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Introduction and Short Exploration of Results

This introduction provides a short, qualitative exploration of results and highlights the main findings. You are encouraged to looks through the results yourself and explore the differences between the presented methods and their success/failure cases.

The setup

We have gathered data for our experiments by combining existing datasets (e.g. one provided by Guo at al.) with images we have captured ourselves. The main motivation behind adding new images was the relatively small number of images of soft shadows that we are mainly interested in.

We have processed all the data with our method as well as two variations of Guo et al. (the original, where the shadows are detected automatically and themodified one, with manually-specified shadow masks also used in out method). Additionally we have processed a subset of the data with the method of Arbel and Hel-Or.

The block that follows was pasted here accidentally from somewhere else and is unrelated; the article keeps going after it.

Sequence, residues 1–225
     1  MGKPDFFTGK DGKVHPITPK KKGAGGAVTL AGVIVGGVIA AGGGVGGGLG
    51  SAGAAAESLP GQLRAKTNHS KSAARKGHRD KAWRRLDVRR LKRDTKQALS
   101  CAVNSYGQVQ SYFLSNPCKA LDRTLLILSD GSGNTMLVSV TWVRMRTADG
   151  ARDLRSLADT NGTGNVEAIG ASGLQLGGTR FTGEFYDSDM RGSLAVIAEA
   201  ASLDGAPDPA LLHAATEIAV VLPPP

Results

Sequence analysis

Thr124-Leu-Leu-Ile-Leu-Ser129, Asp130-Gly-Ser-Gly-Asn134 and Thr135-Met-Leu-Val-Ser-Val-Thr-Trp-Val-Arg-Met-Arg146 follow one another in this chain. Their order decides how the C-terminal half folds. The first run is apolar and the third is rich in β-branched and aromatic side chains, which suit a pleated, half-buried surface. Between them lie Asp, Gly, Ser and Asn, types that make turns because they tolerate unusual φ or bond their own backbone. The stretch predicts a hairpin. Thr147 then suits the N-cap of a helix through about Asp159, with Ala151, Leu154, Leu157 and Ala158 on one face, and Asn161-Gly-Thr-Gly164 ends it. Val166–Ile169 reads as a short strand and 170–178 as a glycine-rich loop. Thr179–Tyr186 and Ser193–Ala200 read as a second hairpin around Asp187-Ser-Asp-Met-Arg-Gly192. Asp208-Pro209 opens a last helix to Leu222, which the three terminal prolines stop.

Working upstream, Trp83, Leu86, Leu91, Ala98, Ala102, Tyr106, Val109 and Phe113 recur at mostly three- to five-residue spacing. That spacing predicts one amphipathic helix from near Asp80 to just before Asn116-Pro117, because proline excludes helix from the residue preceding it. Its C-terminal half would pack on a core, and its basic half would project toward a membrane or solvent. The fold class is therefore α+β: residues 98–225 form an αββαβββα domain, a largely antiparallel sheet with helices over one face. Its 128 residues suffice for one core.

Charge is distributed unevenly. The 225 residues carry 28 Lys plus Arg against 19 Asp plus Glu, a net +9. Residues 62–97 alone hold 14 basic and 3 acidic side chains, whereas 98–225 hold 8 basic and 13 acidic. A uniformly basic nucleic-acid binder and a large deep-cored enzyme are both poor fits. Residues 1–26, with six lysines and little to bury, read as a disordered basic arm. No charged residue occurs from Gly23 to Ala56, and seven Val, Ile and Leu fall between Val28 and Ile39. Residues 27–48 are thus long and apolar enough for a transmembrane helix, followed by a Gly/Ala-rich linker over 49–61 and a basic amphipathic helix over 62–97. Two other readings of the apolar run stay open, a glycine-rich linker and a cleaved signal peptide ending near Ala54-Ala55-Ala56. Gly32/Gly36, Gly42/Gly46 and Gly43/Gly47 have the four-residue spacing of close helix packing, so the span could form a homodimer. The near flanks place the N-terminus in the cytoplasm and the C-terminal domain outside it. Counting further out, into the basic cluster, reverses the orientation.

Qualitative interpretation

It seems that, when it comes to undoing soft shadows, our method succeeds most often (example, example, example, example, example, example).

The cases where our technique fares worse than other methods are less common. They can usually be explained by

  • color optimization errors (example)
  • inpainting artifacts (example)
  • difficulties with hard shadow edges (example)

Furter, the method of Guo et al. seems to be more robust than that of Arbel and Hel-Or.


Why the method of Guo et al. sometimes performs worse when automatic shadow detection is used

One possible reason for poor results in several images unshadowed by the original method of Guo et al. is that their automatic detection sometimes fails (especially on very soft shadows), leading to constraints that can only be satisfied by extreme color changes. A common problem seems to be that majority of the image is detected as in-shadow and therefore the method has no correct unshadowed regions to match the intensity.